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I know this is a sort of odd request. I myself have never had to even think about a scenario like this until today. I'll go straight to the point to make the question easy to read. I suspect the right answer will involve more of "thinking outside the box" than a hidden feature or capability that somehow I'm not aware of.

Here is the thing: I need a PowerBI dashboard to query my SQL Server, but the PowerBI dashboard will have a connection string that queries a database (let's call this database "DatabaseOne_Report") whereas the SQL Server will host a database with a different name (let's say "DatabaseOne").

So when the PowerBI dashboard runs a query to DatabaseOne_Report.dbo.MyTable I want SQL Server to provide data from DatabaseOne.dbo.Table (notice the "_Report" suffix is gone from the database name). Is that even possible somehow?

I can anticipate your first question would be why I am using a connection string with the wrong database name. The answer is that this dashboard connects to different environments and these environments host this database using either 1 of 2 different names for reasons that are beyond the scope of what I'm asking here. The bottom line is that we are trying to avoid re-writing the connection string of the PowerBI dashboard and hope we can use a single connection string to tackle both possible DB names.

I read a lot of questions in different forums to tackle aliases of 2 databases hosted in different boxes, but never seen anybody asking 2 databases hosted in the same box but with potentially two different names.

I thought about creating a empty "shell" of a database with the other name with nothing but synonyms, but that would be a lot of configuration... I was hoping to find something simpler.

Thanks!

  • Do you mean a database alias? docs.microsoft.com/en-us/sql/database-engine/configure-windows/… – McNets Jan 7 at 16:03
  • mmm... not really @McNets,a server alias is an alternate way to name a connection to a server (server name/protocol/port) and in my question I'm talking about aliasing a Database name (which is different) – Martin Surasky Jan 7 at 17:31
  • I did once something like this, the vendor won't allow objects or users to be created on the "source" db, and we had to create some reports, so we added a "new" database, on which created views that accessed the original tables, you only have to grant privileges on the original DB/tables so the views can access them. – dbamex Jan 7 at 23:01
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Here's what it would look like: enter image description here

  • This is the essential way to go about this - a different DB that links the tables as views (to clarify, the Test DB above would be the DatabaseOne database, and the test2 DB would be the DatabaseOne_Report. This has the advantage of only exposing the tables desired, and the disadvantage of extra maintenance, but it does do what you are asking for. – Laughing Vergil Jan 7 at 17:27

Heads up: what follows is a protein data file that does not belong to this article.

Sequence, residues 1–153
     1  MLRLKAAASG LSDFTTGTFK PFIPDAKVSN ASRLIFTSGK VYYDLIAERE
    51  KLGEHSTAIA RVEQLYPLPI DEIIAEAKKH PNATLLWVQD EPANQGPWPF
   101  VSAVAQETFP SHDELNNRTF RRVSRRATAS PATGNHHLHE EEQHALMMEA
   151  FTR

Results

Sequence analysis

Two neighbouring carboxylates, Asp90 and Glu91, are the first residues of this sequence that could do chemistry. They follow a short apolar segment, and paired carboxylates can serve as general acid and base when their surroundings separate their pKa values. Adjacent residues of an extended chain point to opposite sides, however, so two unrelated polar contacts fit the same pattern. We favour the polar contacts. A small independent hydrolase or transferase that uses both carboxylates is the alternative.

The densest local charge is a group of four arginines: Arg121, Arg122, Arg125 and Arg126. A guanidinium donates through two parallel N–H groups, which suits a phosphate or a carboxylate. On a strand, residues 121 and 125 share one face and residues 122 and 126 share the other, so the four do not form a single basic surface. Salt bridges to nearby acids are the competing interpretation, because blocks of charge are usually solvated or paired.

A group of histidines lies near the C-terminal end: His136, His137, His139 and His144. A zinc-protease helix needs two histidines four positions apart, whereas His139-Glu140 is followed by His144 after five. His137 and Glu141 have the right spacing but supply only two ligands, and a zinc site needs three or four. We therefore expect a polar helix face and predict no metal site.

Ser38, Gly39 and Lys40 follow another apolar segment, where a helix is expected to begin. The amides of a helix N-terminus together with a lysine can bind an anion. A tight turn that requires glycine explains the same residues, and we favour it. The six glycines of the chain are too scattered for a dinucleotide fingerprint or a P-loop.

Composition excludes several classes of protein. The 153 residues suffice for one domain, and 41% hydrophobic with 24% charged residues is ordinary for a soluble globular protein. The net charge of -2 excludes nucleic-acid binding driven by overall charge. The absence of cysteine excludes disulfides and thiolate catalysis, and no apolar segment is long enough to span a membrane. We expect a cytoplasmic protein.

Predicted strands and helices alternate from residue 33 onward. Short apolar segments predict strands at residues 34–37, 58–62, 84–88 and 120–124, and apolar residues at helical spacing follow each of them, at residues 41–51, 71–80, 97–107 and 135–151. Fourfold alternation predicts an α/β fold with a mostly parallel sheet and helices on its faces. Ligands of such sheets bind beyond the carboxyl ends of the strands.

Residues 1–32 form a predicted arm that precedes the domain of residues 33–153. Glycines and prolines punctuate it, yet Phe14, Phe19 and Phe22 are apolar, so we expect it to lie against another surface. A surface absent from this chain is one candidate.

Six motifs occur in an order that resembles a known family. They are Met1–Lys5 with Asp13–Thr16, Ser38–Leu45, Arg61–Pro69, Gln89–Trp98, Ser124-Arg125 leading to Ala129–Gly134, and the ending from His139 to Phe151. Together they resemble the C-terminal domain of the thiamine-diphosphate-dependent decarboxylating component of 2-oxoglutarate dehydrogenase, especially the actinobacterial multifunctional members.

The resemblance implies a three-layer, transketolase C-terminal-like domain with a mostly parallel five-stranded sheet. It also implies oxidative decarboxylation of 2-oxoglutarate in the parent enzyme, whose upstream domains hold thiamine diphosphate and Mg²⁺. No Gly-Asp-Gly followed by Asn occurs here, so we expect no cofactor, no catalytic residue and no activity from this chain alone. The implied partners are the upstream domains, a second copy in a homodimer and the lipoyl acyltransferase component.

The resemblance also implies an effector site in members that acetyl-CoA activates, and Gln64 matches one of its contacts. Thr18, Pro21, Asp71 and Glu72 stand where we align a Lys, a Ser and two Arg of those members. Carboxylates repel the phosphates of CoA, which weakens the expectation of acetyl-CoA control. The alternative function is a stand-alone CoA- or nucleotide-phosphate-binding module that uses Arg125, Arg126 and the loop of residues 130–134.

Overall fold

• Yes, this is the only approach I can think of myself. I know this may be an edge case, but wouldn't it be nice for SQL Server to provide something like a "Database Alias" right off the box? If something like that existed then I would not need to orchestrate all this by hand. I will yet not mark this as the final answer as I posted the question just a few hours ago and I would like to see if anybody else can come up with something that does not need to be maintained when the schema on the DB changes ( a new table for example). – Martin Surasky Jan 7 at 17:36
  • And depending on the activity on the main database, a database snapshot called "DatabaseOne_Report" could also be an option. – Dominique Boucher Jan 7 at 18:14
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I see two options.

  • SQL Alias as mentioned in the comment by McNets. But I am not sure if it will work in your scenario, when it does work it is a great tool.

  • Use SQL Replication to create a copy of the database DatabaseOne named DatabaseOne_Report on the same sever. Depending on a few variables, the two versions of the database will be completely in sync to delayed a bit.

  • That would double the data (so the size it takes on disk)... but maybe a new database with the _report name and a set of views that would have the same name as the original tables and pointing on those table in the original DB would work... It will take time to implement and will need to be kept up to date which I guess is more work then just changing the PowerBI DataSource connection string but if you have no other choice.. – Dominique Boucher Jan 7 at 17:04
  • @DominiqueBoucher replication can be a subset of the data. So if they only need to report on part of the data, it could be much smaller then the primary. I am not sure what you mean by 'will need to be kept up to date', replication can keep the data as current as you need. – James Jenkins Jan 7 at 17:11
  • The "kept up to date" was for my suggestion of having views. If new tables are created in the original DB, the new views would need to be created as well. If there is only a subset of the data, then only some views would be required (which will still take less space then replication). Less space, less maintenance, less backup, etc. – Dominique Boucher Jan 7 at 17:17

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